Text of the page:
On Sunday, a high pressure system will develop over Canada before tracking southward over New England and into the Atlantic Ocean on Monday. Cool winds from the east off the Atlantic will keep temperatures cooler, with a low in the low-to-mid 50’s and a high around 70. Moisture off the Atlantic will likely result in some cloudy conditions for Monday.
By Doug Schneider
In my first forecast for PWC's Grand Prix of Virginia at VIR, I wasn't very confident in the timing of rain chances around Friday. Now, the models have come into much better agreement, and my confidence in this forecast is higher. The upshot of this forecast is that I expect the majority of on-track activity at VIR to stay dry, which is good news for those of us who will be at the track.
On Thursday, VIR will be between an exiting storm system that is delivering some rain to the area today, and another system that will be arriving Thursday night. All indications are that the test sessions on Thursday will be run in rain-free but mostly cloudy conditions.
A low pressure system will be tracking across the Tennessee Valley region through the day, then across the Carolinas Thursday night. This system could bring quite a bit of rain to VIR Thursday night, probably around a half inch but with the potential to produce up to one inch. There may also be some thunderstorms moving through overnight. The good news is that the models are in good agreement that this system will be exiting early Friday morning, and most of the practice sessions that day should not be impacted. I have a low chance of rain and a low impact mentioned on Friday mainly due to the possibility that some of the first practice sessions of the day could be delayed a bit, and the track will likely be wet to start the day. Through the rest of the day, I can't completely rule out an isolated shower in the afternoon, but any afternoon showers will be light and brief, with no lightning expected.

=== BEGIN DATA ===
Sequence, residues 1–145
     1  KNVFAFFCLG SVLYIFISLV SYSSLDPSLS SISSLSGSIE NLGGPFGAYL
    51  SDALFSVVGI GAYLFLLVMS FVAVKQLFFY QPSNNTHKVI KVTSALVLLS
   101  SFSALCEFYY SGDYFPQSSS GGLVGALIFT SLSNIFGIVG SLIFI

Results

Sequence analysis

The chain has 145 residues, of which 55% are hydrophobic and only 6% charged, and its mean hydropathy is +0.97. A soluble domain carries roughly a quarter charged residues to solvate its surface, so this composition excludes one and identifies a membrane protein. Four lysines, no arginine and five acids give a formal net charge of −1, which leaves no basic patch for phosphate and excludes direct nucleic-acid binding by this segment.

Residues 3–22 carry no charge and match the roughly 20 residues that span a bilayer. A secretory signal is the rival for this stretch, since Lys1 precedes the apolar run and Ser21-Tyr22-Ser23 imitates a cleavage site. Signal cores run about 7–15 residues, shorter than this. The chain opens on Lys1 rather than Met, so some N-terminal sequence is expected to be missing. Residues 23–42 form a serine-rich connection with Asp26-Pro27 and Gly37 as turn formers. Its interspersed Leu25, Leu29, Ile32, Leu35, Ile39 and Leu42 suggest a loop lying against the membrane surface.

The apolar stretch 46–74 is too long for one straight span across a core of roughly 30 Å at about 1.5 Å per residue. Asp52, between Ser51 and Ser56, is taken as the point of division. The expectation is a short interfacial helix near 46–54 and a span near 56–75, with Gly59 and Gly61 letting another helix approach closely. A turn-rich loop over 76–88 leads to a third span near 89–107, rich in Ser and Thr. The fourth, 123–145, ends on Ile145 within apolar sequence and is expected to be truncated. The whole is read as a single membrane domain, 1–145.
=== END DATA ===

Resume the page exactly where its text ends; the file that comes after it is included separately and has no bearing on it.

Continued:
The rest of the weekend looks to be about as good as you could hope for this time of year in Virginia. Saturday will be partly cloudy with highs in the lower 70s. A cold front is expected to move across the area Saturday evening, but it will not have enough moisture with it to produce any rain. Behind the front on Sunday, a northwest wind will bring slightly cooler temperatures, with morning lows in the mid 40s and afternoon highs close to 70.
Doug Schneider, Scott Martin, and Stephen McCoy are race fans and meteorologists dedicated to providing accurate forecasts and timely weather updates at racing venues around the world. We forecast for IndyCar, Indy Lights, Pro Mazda, USF2000, IMSA, Pirelli World Challenge, World Endurance Championship, and Trans Am Series races, as well as major SCCA and NASA events.